Environmental History of Pittsburgh RiverQuest
A City at the Confluence • Advantageous location on major rivers • Natural resources, bituminous coal • One of the world’s industrial centers from 1850-1980 • Environmental history defined by air, water, and land
1870’s River Traffic downtown South Side Steamboats and barges carry a valuable commodity.
Bituminous Coal: Pros & Cons • Cheap, easily attainable. Why? • High BTU content when burnt • CO2, Hg, As • Mining wastes • Undermining • Smoke What was the biggest barrier to controlling smoke pollution?
The Point, 1896 Why is the air in this picture mysteriously less smoky?
1906 Strip District June, 11:00 am
1907 Flood Penn Avenue, downtown
Water Woes: 1870’s-1900’s • Highest Typhoid Fever mortality rate • Why? • Wells located adjacent to outhouses • Sewage disposed of in river to 1958 • River is the drinking water supply! • “Modern” Combined Sewer System, water filtration plant, chlorination-1907 ALCOSAN Plant came online in 1958.
1911: Stacks Fifth Avenue Jenkins Arcade, currently Fifth Avenue Place
Smoky City, USA… time?? A rainy autumn morning in fall 1945, 9:20 am.
Nov. 5, 1945 11:00 am? 11:00 pm?
“Hell, with the lid off.” Pittsburgh Steel Company, Monessen Works 1949 When did things start to change?
Air QualityMovement • 1930’s: St. Louis, MO passes ordinances to reduce pollution. How? • Using cleaner-burning fuels • Using mechanical combustion equipment • 1940: Pittsburgh starts to follow suit • New industry created to treat coal • Most improvement due to advance of natural gas usage.
Clear Improvements Downtown as seen from the Liberty Tunnel 1945 1951
“You missed a spot…” 1952: a downtown building is cleaned of more than 80 years of soot
Other Changes • 1950s: regional railroads switch from coal-burning to diesel-electric locomotives • 1960s: metals industry still resistant to controlling emissions • 1970s: GASP works to advocate enforcement of Clean Air Act • 1980s: iron and steel industry collapse Where did the steel industry go?
Coal-to-GasControversy • Why a grassroots uproar over the mandated conversion to gas heating? • Costly to residents and small businesses • Despite political opposition, Mayor Lawrence won reelection • Controversy around clean air today?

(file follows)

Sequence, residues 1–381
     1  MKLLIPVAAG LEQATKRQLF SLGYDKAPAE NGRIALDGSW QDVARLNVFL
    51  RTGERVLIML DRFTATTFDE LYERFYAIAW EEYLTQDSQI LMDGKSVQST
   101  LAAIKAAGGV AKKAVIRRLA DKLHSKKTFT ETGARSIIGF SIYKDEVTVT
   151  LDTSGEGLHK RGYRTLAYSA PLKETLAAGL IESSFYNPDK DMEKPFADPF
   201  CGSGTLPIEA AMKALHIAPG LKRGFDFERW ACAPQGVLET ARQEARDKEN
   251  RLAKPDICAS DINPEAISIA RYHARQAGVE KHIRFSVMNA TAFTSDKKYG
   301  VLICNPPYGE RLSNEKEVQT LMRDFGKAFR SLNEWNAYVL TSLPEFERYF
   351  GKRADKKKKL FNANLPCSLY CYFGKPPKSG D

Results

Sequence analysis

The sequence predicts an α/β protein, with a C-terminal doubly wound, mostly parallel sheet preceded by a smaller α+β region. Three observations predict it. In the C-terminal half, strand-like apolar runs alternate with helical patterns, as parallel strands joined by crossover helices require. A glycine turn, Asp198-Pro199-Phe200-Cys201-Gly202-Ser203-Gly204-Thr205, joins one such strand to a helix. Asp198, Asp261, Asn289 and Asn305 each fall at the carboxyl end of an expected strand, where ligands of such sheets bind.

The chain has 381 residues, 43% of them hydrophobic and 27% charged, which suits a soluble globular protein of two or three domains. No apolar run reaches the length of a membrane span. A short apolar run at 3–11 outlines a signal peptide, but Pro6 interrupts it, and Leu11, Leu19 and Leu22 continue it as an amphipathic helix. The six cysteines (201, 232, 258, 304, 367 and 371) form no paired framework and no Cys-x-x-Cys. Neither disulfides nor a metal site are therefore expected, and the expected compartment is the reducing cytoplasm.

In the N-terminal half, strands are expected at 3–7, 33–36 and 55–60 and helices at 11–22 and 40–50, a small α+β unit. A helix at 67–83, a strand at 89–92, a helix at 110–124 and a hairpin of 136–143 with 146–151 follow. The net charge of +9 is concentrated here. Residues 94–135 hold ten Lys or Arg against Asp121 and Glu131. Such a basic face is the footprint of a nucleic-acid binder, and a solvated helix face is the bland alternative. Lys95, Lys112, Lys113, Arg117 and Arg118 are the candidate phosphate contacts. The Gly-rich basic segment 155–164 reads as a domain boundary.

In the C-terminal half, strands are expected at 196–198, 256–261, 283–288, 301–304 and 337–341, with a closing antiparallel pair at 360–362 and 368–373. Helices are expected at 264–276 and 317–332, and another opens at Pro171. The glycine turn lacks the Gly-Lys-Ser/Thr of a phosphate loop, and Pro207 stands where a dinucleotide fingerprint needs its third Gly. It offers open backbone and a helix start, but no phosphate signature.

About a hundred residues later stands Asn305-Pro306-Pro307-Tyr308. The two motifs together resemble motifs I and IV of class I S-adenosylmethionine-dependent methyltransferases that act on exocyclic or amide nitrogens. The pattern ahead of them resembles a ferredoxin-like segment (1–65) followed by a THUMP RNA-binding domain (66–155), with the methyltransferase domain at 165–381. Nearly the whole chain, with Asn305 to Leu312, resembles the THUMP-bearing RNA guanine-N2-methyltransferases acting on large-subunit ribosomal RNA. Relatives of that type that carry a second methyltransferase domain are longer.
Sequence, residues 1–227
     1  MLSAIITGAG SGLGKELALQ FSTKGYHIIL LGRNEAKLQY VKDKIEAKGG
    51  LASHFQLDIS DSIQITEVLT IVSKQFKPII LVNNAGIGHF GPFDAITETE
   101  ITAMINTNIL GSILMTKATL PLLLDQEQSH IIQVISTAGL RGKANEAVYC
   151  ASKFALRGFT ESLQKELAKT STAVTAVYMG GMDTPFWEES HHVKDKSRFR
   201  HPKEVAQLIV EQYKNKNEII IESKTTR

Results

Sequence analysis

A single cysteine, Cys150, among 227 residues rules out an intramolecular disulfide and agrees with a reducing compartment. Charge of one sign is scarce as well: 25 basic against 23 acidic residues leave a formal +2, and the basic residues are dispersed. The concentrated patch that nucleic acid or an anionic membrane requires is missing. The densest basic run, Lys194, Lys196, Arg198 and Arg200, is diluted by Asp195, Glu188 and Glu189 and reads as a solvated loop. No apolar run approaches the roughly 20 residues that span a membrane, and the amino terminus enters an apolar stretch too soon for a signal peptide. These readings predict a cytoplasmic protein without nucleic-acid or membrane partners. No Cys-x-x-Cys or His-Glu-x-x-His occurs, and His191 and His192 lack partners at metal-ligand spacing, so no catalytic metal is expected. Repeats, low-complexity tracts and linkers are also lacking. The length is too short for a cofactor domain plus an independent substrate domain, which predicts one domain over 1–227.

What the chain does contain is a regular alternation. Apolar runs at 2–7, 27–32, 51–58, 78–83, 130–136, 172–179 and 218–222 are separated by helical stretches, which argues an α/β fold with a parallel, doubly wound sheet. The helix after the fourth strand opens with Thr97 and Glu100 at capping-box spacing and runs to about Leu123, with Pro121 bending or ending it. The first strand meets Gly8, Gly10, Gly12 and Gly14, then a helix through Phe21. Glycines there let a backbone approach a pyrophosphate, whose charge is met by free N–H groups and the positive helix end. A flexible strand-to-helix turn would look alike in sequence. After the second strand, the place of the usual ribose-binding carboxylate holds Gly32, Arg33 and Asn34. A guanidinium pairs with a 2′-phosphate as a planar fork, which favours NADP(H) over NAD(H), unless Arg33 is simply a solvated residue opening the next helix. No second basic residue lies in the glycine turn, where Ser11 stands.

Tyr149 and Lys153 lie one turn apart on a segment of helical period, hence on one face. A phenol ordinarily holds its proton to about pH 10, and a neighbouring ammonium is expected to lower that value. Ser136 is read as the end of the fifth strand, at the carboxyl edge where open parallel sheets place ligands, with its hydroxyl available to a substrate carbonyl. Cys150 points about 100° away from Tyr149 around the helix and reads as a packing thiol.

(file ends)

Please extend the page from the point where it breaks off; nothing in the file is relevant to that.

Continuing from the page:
1972: Water Pollution Control Act • Stringent controls on industrial pollution • Increased local legislation • Dozens of watershed agencies • Ongoing concern over CSO, runoff • Why is CSO and runoff getting worse?
Land Use and Reclamation LTV Works, 1945 Brownfield, 1975 South Side Works, 2005
Herr’sIsland 1875- major Rail-stop for Livestock; Huge meat- Packing and Rendering Plants 1981, Brownfield With toxic wastes
Washington’sLanding $2.5 million clean-up has resulted in $70 million in public and Private investment and over $1 million in city revenue
TheWaterfront, Homestead • Former U.S.Steel Homestead Works • Brownfield for 25 years • 2002--opened as upscale destination for shopping, housing, nightclubs, movies, and corporate headquarters (Eat n’ Park, AIU3, etc.) • Questionable benefit for adjacent neighborhoods of Munhall, Homestead, and West Homestead.
Other Notable Projects • Summerset at Frick Park • Reclaimed slag dump on Nine Mile Run • Pittsburgh Technology Center • Reclaimed J&L site on Monongahela • Riverplace/Duquesne RIDC • Reclaimed U. S. Steel site on Monongahela Century III Mall and other shopping center locations in West Mifflin and Jefferson Hills are built on slag dumps. What are the risks?
Green Pittsburgh • Green Building Movement: 1990s-2000s • “Sustainability” • Pittsburgh is a leader in 2006 • Indoor environment: 80-90% • 40 buildings certified or included in Leadership in Energy and Environmental Design (LEED) Pittsburgh Voyager’s new vessel will be a “green” boat. However, the US Green Building Council chose not to assess a passenger vessel for LEED status. Expect this to change in the next decade!
Greener Things: • Buildings on brownfields (reclaimed) • Systems save 30-60% on energy • Systems save 20-50% on water • Up to 90% of construction waste is recycled • Abundant natural lighting • Emphasis on healthy buildings
Rails to Trails Great Allegheny Passage Montour Trail, Present Day 1935
Three Rivers Park • Mayor Tom Murphy • Riverlife Task Force • Friends of the Riverfront • PAFBC, PADEP • TAXPAYERS OF ALLEGHENY COUNTY • TAXPAYERS OF ARAD
River = Resource = Revenue KAYAK PITTSBURGH rents kayaks to local paddlers from a stand beneath the 7th Street Bridge near PNC Park. FUN!
David L. Lawrence Mayor, 1945-1957 2 terms as Governor of PA • Notable for bi-partisan coalitions for the common good • Served an unprecedented four successive terms as mayor • Brought the Mellon family and other influential people into the support of “Renaissance I.” Mayor Lawrence started the first action groups to fight against smog in Pittsburgh.
Howard Heinz • Son of H. J. Heinz, b. 1877 • Served many positions with Heinz Company, and served as trustee of many entities including PA Railroad, Mellon Bank, Regional Planning Association, Chamber of Commerce • Notable commitment toward preserving natural spaces • With other industrialists started the Greater Pgh. Parks Committee in 1932.
Richard King Mellon • Recruited by Mayor Lawrence to help lead the city’s Renaissance I in the 1950s • Helped establish Allegheny Conference on Community Redevelopment • Pressured railroads to reduce emissions • Outdoor enthusiast
Native of Springdale, PA • PA College for Women grad • MA, Zoology, Johns Hopkins • Wrote radio scripts for US Bureau of Fisheries during Depression • Prize-winning study of the ocean • Articles and books on ecology of life and humans as part of nature • Silent Spring (1962) warned about usage of synthetic chemical pesticide • Testified before Congress 1963 for new Health & Environ. Legislation. Rachel Carson Writer Scientist Ecologist
Healthy Water Healthy Life